It’s quite interesting that the development of the 16-bit run and gun shooter Ultracore is one which has striking similarities to even Star Fox 2’s own journey to existence. Both titles were near completion at the tail end of their console’s respective life cycles only to be cancelled at the last minute. And much like how Star Fox 2 found new life on the SNES Classic Mini and Nintendo Switch Online service, Ultracore is now resurrected on modern hardware. 

Originally developed by Digital Illusions (now known as the famed developer DICE) and slated to release on the Amiga, Sega Genesis, and Sega CD in 1994, Ultracore’s late cancellation left the game’s nearly complete data wandering in the unknown for years. More than two decades later, the game’s code was soon found on an old hard drive and later preserved and fully finished for official release on an aftermarket Genesis console called the Mega Sg. To its own credit, Ultracore is a product of its time when run and gun titles were prevalent on consoles and arcades. While its newfound release on the Switch does show what aspects of this once cancelled game has aged for better or for worse, its retro roots and new features do highlight a pretty decent and slightly challenging 2D action romp.

Ultracore plays just as you’d expect if you are familiar with the run and gun genre. Throughout the game’s five fairly large levels, you will be using quick reflexes to dodge multiple enemies and their firepower whether they are approaching you via ground or in the air. Aside from your starting arsenal being a rapid-fire machine gun with unlimited ammo, you will eventually be able to equip more powerful weapons. These weapons (which all run on limited ammo) along with your starting machine gun can be upgraded as you progress. Control is tight per usual and responsive but do get used to being constantly moving on the fly. One of the bonuses in this completed version of Ultracore is the added twin-stick control option. The addition of this modern control scheme offers fluid use of combat and made switching between weapons all the more easier. Also, if you feel the need to mix things up with Ultracore’s nostalgic Genesis-based tunes, do take the opportunity to switch over to the newly composed synthwave soundtrack. Even separated from the main game, this brand new soundtrack hits in the right spots and is worthy of a few listens track by track.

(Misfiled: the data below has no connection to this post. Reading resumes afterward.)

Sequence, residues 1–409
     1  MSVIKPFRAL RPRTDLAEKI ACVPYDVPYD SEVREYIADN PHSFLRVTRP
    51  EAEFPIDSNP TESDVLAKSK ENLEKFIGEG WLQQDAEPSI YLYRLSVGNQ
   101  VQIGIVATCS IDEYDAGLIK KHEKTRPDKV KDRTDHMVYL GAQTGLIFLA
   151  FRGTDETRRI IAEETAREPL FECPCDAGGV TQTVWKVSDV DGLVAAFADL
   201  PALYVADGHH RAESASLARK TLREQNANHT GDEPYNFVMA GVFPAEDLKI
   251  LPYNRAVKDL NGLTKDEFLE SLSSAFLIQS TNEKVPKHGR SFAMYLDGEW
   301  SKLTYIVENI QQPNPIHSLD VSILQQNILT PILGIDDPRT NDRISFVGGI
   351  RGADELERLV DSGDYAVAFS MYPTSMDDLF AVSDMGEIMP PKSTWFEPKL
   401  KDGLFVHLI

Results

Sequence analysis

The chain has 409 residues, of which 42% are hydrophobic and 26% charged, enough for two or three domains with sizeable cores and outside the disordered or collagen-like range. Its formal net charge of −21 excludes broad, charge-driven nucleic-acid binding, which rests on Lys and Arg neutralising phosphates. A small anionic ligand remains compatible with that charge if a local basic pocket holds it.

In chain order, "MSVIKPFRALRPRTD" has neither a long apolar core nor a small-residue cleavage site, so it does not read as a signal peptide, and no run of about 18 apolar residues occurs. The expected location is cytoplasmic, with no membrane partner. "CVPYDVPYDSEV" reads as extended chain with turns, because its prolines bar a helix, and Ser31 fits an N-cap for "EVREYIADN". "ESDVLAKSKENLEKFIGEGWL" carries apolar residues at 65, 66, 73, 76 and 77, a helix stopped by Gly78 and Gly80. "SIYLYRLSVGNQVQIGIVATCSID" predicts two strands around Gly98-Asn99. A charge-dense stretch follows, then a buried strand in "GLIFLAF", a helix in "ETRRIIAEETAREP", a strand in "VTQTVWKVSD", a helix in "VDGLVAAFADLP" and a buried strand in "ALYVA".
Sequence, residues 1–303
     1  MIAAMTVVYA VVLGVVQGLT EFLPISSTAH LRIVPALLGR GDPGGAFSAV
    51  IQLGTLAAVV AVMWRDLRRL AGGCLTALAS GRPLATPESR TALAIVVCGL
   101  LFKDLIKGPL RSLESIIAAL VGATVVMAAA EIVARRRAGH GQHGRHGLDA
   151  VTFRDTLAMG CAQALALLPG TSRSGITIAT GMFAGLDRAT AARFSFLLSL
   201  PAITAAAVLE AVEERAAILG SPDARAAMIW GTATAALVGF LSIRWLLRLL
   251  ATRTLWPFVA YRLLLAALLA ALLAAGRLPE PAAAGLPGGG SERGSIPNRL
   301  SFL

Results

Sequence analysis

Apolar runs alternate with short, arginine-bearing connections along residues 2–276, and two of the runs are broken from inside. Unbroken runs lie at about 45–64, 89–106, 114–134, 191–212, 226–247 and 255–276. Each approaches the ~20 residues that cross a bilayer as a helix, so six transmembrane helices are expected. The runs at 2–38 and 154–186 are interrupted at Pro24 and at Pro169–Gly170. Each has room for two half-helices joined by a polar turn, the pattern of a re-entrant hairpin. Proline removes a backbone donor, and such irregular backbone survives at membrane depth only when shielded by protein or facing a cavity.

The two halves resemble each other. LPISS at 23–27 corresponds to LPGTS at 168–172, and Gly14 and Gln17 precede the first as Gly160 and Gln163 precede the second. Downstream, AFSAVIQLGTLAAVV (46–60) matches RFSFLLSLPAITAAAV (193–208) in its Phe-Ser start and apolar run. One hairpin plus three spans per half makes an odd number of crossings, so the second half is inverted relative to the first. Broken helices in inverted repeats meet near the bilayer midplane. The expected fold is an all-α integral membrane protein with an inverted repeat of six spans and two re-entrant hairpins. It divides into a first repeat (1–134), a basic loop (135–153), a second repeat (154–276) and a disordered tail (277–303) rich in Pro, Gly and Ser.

While Ultracore echoes its fair share of familiar run and gun entertainment, it does come with its slight shortcomings. Platform jumping, especially, can be frustrating when you are also focused on conserving your extra lives. One moment in particular has you carefully timing your jumps on weighted platforms, which only lead to many times where I undershot and into my own death. Segments like these are populated throughout, and on top of dealing with various robotic enemies flying toward you, expect to die a lot. Of course, cheap deaths are gonna be prominent throughout a game of this type. Once you find a pattern between enemy movements and the varying bosses at the end of each level, you’ll be able to progress with added ease. Surprisingly, Ultracore is also fairly lenient when it comes to checkpoints and continues. When you lose a life, you’ll be conveniently spawned in spots that aren’t far from where you originally perished, which makes for a less stressful trek. When you are forced to use a continue, you’ll spawn at the door or entryway of the last room you entered as opposed to the beginning of the stage. Unfortunately, there are no save states, as Ultracore opts to use lengthy passcodes given to you after completing a stage. While this type of save system may seem to be a way to fit into the mold of a short action heavy shooter, it’s still incredibly archaic and annoying to input when you run out of continues. So, heed this advice when I say be sure to hit the Switch’s capture button when a code is given to you. 

Overall, Ultracore is your standard run and gun sci-fi title that comes with the ups and downs of the genre. While, yes, you are bound to see plenty of cheap deaths and unforgiving sequences, the game is still forgiving when you make a costly mistake. This factor alone makes the later portions of the game less daunting even as the challenges increase. As a short but fun experience with a cool soundtrack and nifty pixel art, Ultracore is almost like a long lost love letter to games of its era. Simply put, after years of being dormant, this one was certainly worth preserving.